Regarding integrating ESG (environmental, social, and governance) factors in investment decisions, respondents said pension plans should consider whether those factors “are relevant to the financial performance of an investment pursuant to the plan administrator’s fiduciary duty to act prudently.” 

“There was general agreement that any new OSFI climate-related guidance be principles-based and aligned with global standards where they exist, while considering the Canadian context,” OSFI reported.

The respondents told OSFI that, to ensure financial institutions are prepared and resilient to climate-related risks, it’s not necessary to require them to hold some new minimum amount of capital, which would serve to absorb losses from any number of risks. Instead, supervision and market discipline—judicious risk-taking—would be sufficient.

Still, OSFI is forging ahead with its commitment to green. It announced its membership in the international Network of Central Banks and Supervisors for Greening the Financial System (NGFS) on Nov. 30.

“OSFI’s membership in the NGFS is a critical, though not final, milestone in our efforts to address climate change risk amongst Canadian financial institutions and pension plans,” said OSFI superintendent Peter Routledge in a statement.

The Bank of Canada aims to quantify climate risks, saying in its climate change commitments for COP26, announced on Nov. 3, that this will assist in the “efficient allocation of capital to more sustainable investments and supports the stability of the financial system.”

But promoting sustainable investments is not the responsibility of central banks, which have other significant policy commitments, according to former International Monetary Fund chief economist Raghuram Rajan, who is also a former Reserve Bank of India governor.

“Central banks should steer clear of politically driven unlegislated areas such as ‘green’ investments, as their mandates of providing financial and monetary stability are already quite wide,” Rajan told the Reuters Global Market Forum on Aug. 25, according to a Reuters article the next day.

Lack of Expertise

The Bank of Canada is developing new models and data sources to better understand the effects of climate change on the economy.

“The climate-related increases in the frequency and severity of extreme weather events and the transition to a low-carbon net-zero economy pose significant risks to the financial system,” the central bank said.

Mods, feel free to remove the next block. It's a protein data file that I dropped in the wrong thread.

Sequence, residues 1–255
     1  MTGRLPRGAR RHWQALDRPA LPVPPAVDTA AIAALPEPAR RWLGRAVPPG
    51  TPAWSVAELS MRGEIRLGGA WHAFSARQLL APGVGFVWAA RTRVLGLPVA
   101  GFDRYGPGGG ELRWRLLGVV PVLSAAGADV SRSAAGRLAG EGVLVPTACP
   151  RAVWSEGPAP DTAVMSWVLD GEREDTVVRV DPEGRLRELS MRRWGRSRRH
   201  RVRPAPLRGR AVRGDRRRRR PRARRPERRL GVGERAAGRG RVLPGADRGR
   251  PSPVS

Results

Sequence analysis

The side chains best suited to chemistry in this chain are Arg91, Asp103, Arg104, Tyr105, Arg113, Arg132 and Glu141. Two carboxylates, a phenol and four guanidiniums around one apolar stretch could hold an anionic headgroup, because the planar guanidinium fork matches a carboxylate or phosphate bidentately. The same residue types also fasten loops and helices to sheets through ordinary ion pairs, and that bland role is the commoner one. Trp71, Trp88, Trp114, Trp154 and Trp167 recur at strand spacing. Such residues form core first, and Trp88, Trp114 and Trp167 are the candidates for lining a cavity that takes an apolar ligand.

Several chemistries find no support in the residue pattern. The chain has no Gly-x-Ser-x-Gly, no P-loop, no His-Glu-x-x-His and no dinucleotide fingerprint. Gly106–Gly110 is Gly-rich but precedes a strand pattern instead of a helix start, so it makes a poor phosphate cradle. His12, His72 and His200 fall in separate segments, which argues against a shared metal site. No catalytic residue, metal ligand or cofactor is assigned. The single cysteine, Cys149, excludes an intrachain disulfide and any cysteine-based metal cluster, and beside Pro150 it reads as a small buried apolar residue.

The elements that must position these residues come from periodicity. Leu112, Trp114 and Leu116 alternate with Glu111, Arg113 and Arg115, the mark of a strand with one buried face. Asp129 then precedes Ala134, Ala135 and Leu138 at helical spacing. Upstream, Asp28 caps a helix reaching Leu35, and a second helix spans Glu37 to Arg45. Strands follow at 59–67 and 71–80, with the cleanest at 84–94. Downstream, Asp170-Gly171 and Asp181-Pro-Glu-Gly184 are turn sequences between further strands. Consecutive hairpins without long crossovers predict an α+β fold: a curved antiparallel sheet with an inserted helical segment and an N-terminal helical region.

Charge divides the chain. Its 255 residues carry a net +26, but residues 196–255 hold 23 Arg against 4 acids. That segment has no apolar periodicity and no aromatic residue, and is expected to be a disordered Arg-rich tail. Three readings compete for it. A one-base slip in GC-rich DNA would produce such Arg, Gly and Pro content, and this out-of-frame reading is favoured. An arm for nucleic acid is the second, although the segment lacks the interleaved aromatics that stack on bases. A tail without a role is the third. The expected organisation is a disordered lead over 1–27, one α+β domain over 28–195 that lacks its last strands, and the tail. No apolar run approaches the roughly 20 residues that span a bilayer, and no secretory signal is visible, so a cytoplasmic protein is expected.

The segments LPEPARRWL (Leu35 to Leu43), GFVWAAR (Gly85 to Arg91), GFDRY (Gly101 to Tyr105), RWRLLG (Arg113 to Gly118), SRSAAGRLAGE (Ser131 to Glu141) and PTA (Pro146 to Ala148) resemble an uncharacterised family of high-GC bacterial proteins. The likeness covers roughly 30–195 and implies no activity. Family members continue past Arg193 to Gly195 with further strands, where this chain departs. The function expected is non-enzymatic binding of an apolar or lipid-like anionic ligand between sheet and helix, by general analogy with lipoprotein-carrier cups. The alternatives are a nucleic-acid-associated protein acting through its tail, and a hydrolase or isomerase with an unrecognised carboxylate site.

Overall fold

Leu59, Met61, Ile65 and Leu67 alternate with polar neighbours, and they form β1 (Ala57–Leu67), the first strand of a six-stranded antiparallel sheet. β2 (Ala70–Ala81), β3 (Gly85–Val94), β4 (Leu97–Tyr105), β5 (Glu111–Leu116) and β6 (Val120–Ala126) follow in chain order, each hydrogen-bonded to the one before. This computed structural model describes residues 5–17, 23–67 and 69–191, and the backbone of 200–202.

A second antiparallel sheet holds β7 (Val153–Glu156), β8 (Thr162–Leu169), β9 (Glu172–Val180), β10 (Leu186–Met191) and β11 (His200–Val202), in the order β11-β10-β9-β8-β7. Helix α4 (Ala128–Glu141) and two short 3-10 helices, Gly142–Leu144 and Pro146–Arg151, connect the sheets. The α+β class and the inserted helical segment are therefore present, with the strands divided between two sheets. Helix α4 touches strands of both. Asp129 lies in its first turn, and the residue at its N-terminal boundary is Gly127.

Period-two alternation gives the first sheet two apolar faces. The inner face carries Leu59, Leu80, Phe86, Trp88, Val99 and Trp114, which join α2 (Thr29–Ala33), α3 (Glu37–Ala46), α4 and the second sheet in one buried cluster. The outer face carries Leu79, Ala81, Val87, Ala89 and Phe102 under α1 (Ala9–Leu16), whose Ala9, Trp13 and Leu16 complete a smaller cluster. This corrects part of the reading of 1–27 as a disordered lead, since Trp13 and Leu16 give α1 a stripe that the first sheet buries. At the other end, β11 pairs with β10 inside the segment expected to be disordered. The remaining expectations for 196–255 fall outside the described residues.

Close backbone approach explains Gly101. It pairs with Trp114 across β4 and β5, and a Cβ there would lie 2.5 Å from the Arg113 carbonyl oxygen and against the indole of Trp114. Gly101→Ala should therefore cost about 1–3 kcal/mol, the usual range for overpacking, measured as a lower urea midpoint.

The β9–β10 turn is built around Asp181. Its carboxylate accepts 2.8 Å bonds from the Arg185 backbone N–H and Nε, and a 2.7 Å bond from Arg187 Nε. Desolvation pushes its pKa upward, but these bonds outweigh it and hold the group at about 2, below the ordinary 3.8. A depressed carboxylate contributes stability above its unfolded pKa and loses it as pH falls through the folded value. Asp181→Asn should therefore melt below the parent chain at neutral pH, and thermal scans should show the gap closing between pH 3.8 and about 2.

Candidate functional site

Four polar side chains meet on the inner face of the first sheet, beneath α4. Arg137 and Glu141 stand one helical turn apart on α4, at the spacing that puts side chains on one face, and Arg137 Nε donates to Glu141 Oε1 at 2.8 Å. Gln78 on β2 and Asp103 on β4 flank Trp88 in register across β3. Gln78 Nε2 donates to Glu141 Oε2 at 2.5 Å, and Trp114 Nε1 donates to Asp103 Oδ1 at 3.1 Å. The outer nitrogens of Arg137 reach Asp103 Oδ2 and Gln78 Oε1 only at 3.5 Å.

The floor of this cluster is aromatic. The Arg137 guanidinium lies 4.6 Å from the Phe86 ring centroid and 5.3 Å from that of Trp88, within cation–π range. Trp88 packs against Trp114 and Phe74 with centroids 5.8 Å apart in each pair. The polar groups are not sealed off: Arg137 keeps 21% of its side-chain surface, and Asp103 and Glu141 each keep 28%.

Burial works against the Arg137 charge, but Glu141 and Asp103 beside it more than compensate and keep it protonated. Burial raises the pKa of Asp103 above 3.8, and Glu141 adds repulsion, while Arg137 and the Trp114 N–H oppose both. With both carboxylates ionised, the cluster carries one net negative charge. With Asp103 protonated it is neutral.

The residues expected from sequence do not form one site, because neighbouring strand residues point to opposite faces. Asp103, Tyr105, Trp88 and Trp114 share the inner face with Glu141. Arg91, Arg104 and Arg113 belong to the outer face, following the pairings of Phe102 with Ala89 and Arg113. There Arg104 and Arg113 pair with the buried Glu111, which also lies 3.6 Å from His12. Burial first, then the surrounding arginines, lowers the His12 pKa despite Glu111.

Monetary policy expert Steve Ambler, an economics professor at Université du Québec à Montréal, concurs with Cochrane that climate change does not pose a threat to the financial system and that none of the central banks have the in-house expertise to deal with climate change.

For him, another issue is weighing the costs and benefits of financial regulation to deal with climate change. 

“Just trying to set up costly frameworks for financial firms and the financial industry as a whole to disclose climate risk—I think in terms of cost-benefit analysis, I can see that it could be extremely costly. I don’t really see that it’s going to generate very many benefits at all,” Ambler told The Epoch Times.

“If you have banks spending money hiring people so that they can write these complicated climate-risk disclosure documents, you might want to have them do the same thing in relation to the risks of whatever thermonuclear war, asteroid strikes you.”

A Better Approach

The United States is also trying to employ financial regulation to fight climate change—via a May 20 executive order from President Joe Biden. 

However, Washington, D.C.-based research institution The Heritage Foundation says a much better approach would be to allow companies to manage their own risks without government mandates.

“Congress should prohibit banking regulators from considering social or political objectives, including climate change, in the supervision and examination of banks or credit unions,” it said in its June 24 report, “Using Financial Regulation to Fight Climate Change: A Losing Battle.”

“Given the enormous uncertainties surrounding climate-change predictions and the tenuous connection between financial disclosure and, for example, emissions, regulations based on such estimates are unlikely to affect the climate, and will have an adverse impact on the economy,” the foundation said.

Cochrane said it all amounts to the independence of central banks and financial regulators from the government getting increasingly compromised. Ambler agrees.

“The politicians themselves are unwilling to do things that will make taxpayers angry and [take] actions which will be costly. So they’re just kind of passing the buck on to central bankers,” he said.

Rahul Vaidyanath
Rahul Vaidyanath is a journalist with The Epoch Times in Canada. His areas of expertise include the economy, financial markets, China, and national defence and security. He has worked for the Bank of Canada, Canada Mortgage and Housing Corp., and investment banks in Toronto, New York, and Los Angeles.